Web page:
Nottingham racecourse is located in Nottingham, Nottinghamshire, England, only about two miles away from Nottingham city. The racecourse is well known for hosting flat races, run over 1.5 miles. The racetrack is left-handed and oval in shape. There used to be National Hunt races, but they came to a sudden stop towards the end of February 1996.It is owned by Jockey Club Racecourses, and was opened way back in 1892. The track is easily accessible from all directions, making it very convenient for many people living within and outside of Nottingham city. This great track is not only a venue for horse racing, but also a site for holding major events. It offers a wide range of hospitality packages including hotel services.

The racecourse’s first location was at Nottingham Forest Recreation Ground in the year 1773. It was then moved to its present location, Colwick Park in 1892.In 1965, the land in which the racetrack was situated was bought by the local corporation. This was a major setback to its development, and for some time, its future seemed to be doomed. Luckily, the Levy Board convinced the corporation to lease the course to the owners. It is known to host a number of famous races, including the Kilvington Stakes. This race is run over 1mile 6 furlongs. It also hosts the Nottinghamshire Oaks run for over 1 mile.

This year, Genting Casino Ladies day will be the peak of Nottingham racecourse calendar. It is scheduled for 12th of May, with doors opening from 12 noon. This event is the most popular fixture of the season. It had a total attendance
of 5,500 people in 2017. The event features the best dressed competition besides the racing competition. Nottingham will also be hosting other events such as Family Fun Day and Residents Free Night taking place on 10th June
and 18th June respectively.

No list of racing greats would be complete without the inclusion of Lester Keith Piggott, the epitome of balance, strength and tactical awareness, the leading jockey in Britain for three decades and the winner of over 4,000 winners in Britain alone.



Born on November 5, 1935 in Wantage, Oxfordshire, from good racing stock, Piggott rode his first winner, The Chase, at Haydock on August 8, 1948 as a 12-year-old boy. A decade later, he was the most successful jockey in the country. He rode his first Derby winner, Never Say Die, on June 3, 1954 as an 18-year-old and, after 103 days’ suspension for his riding of the same horse in the King Edward VII Stakes at Royal Ascot, was appointed to succeed Sir Gordon Richards as first jockey to Noel Murless, the leading postwar trainer in Britain.


The appointment was to mark the start of a fruitful association with the Warren Place trainer, which was to last for the next twelve years and yield two more Derby winners, Crepello in 1957 and St. Paddy in 1960, and seven Classic winners in all. In fact, such was the success of the partnership that it came as a shock to the racing world when, having insisted on riding the 1966 Oaks winner, Valoris, for Vincent O’Brien instead of Murless’ Varinia, who finished third, Piggott announced he was now a freelance jockey.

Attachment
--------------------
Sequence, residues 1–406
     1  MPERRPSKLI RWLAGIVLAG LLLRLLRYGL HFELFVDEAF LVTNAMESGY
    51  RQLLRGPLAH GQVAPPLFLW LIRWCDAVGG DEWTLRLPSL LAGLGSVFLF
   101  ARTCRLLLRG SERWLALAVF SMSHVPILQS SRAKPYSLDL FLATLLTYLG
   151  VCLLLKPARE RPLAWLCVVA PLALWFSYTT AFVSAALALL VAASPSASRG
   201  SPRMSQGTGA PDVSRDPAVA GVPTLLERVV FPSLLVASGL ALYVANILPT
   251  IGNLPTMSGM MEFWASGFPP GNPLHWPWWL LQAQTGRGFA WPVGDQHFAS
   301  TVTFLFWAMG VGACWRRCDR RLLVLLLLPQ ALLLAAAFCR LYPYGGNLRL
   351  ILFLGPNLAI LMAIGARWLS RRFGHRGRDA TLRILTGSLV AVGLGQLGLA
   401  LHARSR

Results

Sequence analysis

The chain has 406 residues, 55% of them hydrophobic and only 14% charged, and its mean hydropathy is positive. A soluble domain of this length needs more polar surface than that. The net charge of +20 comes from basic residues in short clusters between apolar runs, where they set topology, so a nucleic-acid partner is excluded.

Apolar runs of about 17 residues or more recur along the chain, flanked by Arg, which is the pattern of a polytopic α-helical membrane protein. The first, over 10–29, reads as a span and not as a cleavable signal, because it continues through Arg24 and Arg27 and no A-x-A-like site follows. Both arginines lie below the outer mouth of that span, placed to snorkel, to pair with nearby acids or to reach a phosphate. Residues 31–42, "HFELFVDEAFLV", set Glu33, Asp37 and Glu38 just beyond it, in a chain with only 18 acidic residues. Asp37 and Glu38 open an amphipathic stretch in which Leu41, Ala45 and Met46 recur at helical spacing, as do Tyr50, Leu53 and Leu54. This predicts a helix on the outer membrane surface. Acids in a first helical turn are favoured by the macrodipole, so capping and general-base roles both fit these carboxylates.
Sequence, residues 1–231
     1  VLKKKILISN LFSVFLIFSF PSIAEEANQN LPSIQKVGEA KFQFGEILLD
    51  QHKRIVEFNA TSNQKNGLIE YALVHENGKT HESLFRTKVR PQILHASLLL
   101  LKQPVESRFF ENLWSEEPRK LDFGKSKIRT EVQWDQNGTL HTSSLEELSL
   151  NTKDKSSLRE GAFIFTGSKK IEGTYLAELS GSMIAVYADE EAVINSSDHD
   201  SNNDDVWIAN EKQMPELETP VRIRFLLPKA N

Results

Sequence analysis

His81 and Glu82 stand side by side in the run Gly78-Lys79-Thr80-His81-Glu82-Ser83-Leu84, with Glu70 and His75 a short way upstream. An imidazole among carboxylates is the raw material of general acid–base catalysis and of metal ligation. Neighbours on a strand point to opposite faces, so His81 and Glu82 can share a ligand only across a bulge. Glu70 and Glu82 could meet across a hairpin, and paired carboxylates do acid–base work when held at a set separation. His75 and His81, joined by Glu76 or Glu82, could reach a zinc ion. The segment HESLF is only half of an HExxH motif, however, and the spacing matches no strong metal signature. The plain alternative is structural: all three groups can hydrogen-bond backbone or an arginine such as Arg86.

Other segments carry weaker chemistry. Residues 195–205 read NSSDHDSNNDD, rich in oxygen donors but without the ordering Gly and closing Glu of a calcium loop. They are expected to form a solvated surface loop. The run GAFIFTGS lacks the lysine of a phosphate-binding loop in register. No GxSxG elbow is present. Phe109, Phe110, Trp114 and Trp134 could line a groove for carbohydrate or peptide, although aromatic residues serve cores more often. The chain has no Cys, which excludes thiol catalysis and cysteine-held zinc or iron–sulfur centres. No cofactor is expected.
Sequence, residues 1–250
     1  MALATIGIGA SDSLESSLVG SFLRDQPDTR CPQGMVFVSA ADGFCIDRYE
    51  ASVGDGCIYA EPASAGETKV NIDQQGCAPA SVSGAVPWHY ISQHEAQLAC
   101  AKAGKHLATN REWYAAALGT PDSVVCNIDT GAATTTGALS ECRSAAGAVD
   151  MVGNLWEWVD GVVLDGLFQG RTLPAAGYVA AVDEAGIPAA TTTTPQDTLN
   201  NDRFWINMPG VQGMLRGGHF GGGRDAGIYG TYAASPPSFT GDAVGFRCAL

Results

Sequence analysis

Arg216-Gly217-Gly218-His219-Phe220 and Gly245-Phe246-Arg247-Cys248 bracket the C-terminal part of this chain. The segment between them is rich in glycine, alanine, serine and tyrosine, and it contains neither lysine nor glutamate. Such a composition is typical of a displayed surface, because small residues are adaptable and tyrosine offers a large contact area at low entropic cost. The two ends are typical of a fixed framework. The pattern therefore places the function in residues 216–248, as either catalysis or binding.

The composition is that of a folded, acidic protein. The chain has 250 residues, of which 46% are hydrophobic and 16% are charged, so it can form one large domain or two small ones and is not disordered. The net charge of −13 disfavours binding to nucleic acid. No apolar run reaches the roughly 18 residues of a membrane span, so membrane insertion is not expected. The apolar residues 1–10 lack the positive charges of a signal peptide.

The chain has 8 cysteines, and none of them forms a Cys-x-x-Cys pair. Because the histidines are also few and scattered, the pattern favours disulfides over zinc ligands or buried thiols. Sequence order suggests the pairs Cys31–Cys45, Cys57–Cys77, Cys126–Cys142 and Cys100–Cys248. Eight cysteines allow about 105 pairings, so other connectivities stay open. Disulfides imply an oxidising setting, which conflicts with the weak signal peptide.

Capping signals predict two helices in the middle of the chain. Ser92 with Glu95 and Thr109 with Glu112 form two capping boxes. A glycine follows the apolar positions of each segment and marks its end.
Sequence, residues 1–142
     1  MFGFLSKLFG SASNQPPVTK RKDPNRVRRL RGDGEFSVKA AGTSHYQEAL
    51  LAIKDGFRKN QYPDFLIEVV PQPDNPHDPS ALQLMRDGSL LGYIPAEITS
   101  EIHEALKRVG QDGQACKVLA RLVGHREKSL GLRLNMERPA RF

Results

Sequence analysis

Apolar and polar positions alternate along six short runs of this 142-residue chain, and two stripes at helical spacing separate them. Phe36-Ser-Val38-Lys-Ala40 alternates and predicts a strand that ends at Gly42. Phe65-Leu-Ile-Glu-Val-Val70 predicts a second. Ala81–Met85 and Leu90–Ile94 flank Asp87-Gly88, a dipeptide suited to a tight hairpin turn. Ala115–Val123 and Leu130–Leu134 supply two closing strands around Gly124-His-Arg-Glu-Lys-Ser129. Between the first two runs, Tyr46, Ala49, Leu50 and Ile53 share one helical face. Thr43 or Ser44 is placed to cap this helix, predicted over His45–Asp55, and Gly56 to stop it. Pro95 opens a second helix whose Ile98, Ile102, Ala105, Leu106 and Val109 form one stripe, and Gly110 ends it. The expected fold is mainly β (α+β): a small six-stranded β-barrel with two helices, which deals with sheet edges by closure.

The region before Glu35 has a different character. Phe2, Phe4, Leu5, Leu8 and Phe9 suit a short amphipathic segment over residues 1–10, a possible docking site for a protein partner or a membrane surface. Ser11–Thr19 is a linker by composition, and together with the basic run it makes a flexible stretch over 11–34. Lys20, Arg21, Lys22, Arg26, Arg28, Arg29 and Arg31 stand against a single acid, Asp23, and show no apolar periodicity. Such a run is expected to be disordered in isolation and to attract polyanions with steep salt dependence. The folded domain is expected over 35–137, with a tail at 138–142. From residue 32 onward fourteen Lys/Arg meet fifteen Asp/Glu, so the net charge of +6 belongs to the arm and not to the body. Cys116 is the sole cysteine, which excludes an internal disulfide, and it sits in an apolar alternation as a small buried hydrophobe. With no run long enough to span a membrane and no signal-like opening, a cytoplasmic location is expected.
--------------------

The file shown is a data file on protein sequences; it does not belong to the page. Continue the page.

He rode his first winner Derby for Vincent O’Brien, Sir Ivor, in 1968 and three more, Nijinksy in 1970, Roberto in 1972 and The Minstrel in 1977, before the pair decided to go their separate ways in the autumn of 1979.


Nijinsky, a son of the then untried stallion, Northern Dancer, bought by owner Charles W. Engelhard, Jr. on the recommendation of Vincent O’Brien, was probably Piggott’s most famous winning ride in the Derby. Having already won the 2,000 Guineas, under Piggott, Nijinksy went on to make history by becoming the first horse since Bahram, in 1935, to win the Triple Crown by beating Meadowville by a length in the St. Leger later the same season.


Following the retirement of Joe Mercer, Piggott joined Henry Cecil, at that time married to Noel Murless’ daughter, Julie, who had taken over at Warren Place in 1976. Further success followed, with Piggott winning the 1,000 Guineas on Fairy Footsteps in 1981, as well the Derby for first-season trainer Geoff Wragg on Teenoso in 1983.


However, after a public scandal over an unofficial contract, which Cecil had attempted to arrange with his owners, on Piggott’s behalf, but without the knowledge of the Jockey Club and a protracted rift between Piggott and one of Cecil’s leading owners, Daniel Wildenstein, it was announced, on June 5, 1984, that American Steve Cauthen would replace Piggott as stable jockey the following season.


At the end of the 1985 season, Piggott retired from race riding, at the age of 50, and became a trainer at Eve Lodge Stables, Newmarket. However, no sooner had he started his new career than questions about his financial affairs. An investigation into unpaid back taxes is believed to have cost him a knighthood in 1986 and, in 1987, was he found guilty of tax fraud and jailed for three years.


Having served a year and a day inside and stripped of the OBE that he had been awarded in 1975, he was released on parole in 1988. With the training licence at Eve Lodge in the hands of his then wife, Susan, Piggott kept himself fit by riding out regularly, but it was still a major surprise when he returned to race riding at Leicester on October 15, 1990. He rode a double at Chepstow the following day and eleven days later rode Royal Academy to win the Breeders’ Cup Mile at Belmont Park, New York for Vincent O’Brien. Justifiably, Piggott described Royal Academy, coincidentally a son of Nijinsky, as “the most satisfying winner I ever had.”